Hi hats get shoved back in the mix pretty frequently when engineers can’t get the right sound from them. Often, the kick and snare take center stage and hi hats become a bit of an afterthought. Maybe you’re in a situation where you’ve close miced hi hats and aren’t happy with the results. Maybe you’re struggling to isolate them from your snare or get them to sit right in your overheads.
No matter if you’re programming your drums, recording hi hats independently, or using their presence in the overheads/snare mics, there are things you can do to make them sound clear and consistent in your drum mix.
All Aboard The Bus
Since we’re going to focus on things you can do to make your hi hats stand out regardless of the tracking session, all of the tips we’ll cover today are focus on one track: your drum bus.
If you’re not already familiar, a drum bus is a stereo aux track you should be creating in your sessions where all of your drums can be routed and treated as a single, cohesive instrument.
When approaching the drums this way, you should already have a decent drum sound mixed before you start adding any processing to the drum bus. Any tweaks made to individual drum tracks once processing is added to the bus will change the way those tools interact with the incoming audio. By adding your drum bus chain toward the end of your mix session, you can reduce the risk of this happening.
Compression for Expansion
Many people seem to forget that compression is a balancing act. They’ll reach for a compressor to pull down the peaks, but they neglect to think about how compression can bring levels of softer sounds up. The latter is the perfect reason to start with compression if your hi hats are buried in the mix.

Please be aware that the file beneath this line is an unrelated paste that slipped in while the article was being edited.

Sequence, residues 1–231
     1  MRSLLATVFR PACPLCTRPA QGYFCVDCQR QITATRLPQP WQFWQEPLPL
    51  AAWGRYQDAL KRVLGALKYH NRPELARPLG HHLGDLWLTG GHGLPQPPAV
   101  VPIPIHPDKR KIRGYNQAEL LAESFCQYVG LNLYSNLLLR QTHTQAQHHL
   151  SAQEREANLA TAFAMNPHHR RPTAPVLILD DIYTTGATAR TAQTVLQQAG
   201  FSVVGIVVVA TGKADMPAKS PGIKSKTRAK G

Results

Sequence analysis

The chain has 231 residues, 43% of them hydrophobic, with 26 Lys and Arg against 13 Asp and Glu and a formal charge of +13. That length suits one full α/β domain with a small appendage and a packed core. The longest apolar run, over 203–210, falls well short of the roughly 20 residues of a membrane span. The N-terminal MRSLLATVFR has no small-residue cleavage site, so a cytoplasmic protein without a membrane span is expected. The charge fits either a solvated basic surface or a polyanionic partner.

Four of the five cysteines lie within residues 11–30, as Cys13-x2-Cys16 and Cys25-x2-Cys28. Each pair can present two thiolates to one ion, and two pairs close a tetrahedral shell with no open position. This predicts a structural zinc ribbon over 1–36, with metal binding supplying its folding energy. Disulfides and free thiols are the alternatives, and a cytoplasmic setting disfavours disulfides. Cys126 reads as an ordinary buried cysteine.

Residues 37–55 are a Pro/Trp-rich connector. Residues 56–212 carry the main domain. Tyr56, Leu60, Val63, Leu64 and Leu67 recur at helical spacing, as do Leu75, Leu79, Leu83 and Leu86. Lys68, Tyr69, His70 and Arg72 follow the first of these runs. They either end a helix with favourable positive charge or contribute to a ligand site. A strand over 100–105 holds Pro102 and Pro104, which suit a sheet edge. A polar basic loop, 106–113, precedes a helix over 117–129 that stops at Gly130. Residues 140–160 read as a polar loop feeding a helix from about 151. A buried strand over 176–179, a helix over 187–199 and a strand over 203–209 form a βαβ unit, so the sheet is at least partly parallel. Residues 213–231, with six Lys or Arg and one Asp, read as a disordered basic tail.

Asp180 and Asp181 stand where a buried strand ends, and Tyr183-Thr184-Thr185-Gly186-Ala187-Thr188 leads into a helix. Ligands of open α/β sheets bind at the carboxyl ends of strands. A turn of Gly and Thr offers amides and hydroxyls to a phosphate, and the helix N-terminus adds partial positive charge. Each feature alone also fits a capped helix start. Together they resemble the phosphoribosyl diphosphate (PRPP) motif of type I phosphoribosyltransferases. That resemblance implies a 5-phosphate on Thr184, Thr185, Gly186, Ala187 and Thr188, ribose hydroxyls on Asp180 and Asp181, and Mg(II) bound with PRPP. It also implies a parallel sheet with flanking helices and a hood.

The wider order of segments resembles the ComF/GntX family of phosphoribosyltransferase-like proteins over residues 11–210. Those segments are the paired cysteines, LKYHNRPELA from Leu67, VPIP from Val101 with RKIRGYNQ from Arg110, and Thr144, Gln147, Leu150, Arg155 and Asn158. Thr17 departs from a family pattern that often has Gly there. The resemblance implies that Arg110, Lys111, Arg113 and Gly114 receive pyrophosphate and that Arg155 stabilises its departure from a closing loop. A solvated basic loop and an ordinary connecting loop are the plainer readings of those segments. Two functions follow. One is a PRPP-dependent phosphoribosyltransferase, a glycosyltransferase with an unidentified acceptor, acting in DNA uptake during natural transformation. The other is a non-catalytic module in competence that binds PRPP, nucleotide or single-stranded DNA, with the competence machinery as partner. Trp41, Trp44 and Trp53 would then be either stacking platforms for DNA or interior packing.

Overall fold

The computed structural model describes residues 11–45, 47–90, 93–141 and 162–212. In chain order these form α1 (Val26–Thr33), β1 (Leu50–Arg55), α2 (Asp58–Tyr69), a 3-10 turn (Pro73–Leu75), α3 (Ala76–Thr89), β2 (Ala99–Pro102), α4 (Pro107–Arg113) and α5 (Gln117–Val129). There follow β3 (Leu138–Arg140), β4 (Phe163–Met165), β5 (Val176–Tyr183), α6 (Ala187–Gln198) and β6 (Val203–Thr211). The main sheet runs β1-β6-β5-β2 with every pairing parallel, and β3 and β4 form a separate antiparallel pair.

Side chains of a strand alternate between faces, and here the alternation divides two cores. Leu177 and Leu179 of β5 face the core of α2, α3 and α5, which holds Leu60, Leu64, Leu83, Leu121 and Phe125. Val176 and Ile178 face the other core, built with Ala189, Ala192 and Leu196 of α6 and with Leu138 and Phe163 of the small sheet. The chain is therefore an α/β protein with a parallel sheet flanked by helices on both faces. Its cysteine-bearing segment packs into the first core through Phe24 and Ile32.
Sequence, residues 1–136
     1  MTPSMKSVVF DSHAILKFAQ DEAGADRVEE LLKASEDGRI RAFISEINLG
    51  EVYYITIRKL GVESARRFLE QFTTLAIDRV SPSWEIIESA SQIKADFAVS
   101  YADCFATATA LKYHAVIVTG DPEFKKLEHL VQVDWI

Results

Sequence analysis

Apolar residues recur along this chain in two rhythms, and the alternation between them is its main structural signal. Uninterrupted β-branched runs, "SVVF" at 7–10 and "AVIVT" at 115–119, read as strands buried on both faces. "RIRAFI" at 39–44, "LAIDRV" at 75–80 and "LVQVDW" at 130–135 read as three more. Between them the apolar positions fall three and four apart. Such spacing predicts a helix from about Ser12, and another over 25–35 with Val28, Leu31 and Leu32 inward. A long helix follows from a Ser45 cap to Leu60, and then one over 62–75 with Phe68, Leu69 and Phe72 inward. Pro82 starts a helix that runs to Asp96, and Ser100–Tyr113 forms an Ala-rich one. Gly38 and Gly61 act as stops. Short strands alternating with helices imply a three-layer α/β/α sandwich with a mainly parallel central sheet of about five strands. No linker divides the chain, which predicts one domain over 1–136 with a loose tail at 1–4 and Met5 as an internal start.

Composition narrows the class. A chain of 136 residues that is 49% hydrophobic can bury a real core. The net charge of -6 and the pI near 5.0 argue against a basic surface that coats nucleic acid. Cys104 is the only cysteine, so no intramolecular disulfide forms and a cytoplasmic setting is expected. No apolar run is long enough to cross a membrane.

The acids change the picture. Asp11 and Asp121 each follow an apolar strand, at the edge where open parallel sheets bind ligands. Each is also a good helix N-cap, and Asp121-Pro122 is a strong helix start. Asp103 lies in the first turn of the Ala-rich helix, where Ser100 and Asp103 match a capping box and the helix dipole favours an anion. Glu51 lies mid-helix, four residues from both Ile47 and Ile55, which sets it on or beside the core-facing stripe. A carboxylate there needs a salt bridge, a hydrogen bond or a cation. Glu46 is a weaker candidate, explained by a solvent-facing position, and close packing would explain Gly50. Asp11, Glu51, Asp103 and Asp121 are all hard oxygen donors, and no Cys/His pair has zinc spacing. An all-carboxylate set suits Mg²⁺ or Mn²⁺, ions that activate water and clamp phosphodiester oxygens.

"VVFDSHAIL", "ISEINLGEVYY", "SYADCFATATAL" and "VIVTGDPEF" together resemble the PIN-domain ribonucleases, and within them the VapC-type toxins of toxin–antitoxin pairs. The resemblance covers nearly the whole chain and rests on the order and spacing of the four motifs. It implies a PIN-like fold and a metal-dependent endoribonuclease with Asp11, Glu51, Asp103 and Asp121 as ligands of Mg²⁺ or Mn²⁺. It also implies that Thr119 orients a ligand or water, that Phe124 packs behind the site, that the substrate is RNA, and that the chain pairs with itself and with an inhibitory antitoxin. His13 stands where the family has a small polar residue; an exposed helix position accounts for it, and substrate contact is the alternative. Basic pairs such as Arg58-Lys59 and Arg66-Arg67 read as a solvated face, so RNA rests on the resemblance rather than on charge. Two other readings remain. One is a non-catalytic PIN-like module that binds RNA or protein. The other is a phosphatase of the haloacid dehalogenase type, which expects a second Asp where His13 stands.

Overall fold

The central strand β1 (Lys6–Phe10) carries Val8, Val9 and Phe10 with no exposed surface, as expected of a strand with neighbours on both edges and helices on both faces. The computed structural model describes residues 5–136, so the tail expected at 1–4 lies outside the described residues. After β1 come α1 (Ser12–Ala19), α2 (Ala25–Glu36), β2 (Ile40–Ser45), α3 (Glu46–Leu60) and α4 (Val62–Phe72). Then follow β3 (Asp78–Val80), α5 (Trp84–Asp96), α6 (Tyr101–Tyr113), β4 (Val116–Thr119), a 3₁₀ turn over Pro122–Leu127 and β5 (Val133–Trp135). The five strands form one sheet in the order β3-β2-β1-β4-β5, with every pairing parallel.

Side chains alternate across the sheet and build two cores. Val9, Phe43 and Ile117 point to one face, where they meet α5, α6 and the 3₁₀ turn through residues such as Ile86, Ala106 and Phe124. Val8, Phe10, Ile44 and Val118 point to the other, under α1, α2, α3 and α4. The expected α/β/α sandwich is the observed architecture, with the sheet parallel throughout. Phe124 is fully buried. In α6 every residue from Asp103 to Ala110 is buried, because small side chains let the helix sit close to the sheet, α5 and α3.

Compression tends to bring some room to life when pushed hard enough, especially bus compressors like BG-Drums. By selecting a “boomier” option with compression just below 50%, hi hats begin to come out of sessions. Even when compressing in parallel, you’ll often hear a cleaner, polished high-end from your cymbals and overheads that were masked before. It’s like pulling a blanket off of the drum kit.
Using the output gain in the plugin, you can level-match your post-compression volume to the input to make sure you can make a true comparison of your before & after sound.
Adding A Limiter To Your Drum Bus
Limiters like Finality Advanced are a natural progression for many individual tracks if compression isn’t enough, but have you ever considered what it could do on your drum bus?
For a lot of old-school engineers, this just wouldn’t be feasible for most sessions. Analog limiters in traditional studios tended to be single-channel or would need to be chained together to use on a stereo source. Considering all of the places these great tools come into use (vocals, snares, guitars, bass, etc.) the drum bus tended to fall pretty low on the priority list, instead just getting a stereo compressor treatment.
In the box, we don’t have those restrictions. We can load up an instance of a limiter after our bus compressor and it will immediately go to work on the stereo signal. If it doesn’t fit, we just swap it out for something else, no patching required.
Your limiter should act on your drum bus to further glue everything together. By compressing them limiting, you set yourself up with a very consistent and clear drum sound for any song.
Check out how Nick’s able to use this awesome one-two punch in this In The Studio clip:
More Consistent Drum Mixes
Engineers and mixers shouldn’t just strive for a consistent drum tone within a session – they should be developing their own, instantly recognizable drum sound with every project they work on. Think of all the great mixers and the work of theirs that you admire; don’t they have that consistency?
JST VIP members have access to both the tools and resources needed to develop their own signature approach to drums. Between the members-only plugins, drum-focused eBooks, and mixing cheat sheets, anyone can get the sound they’re after just by following our process.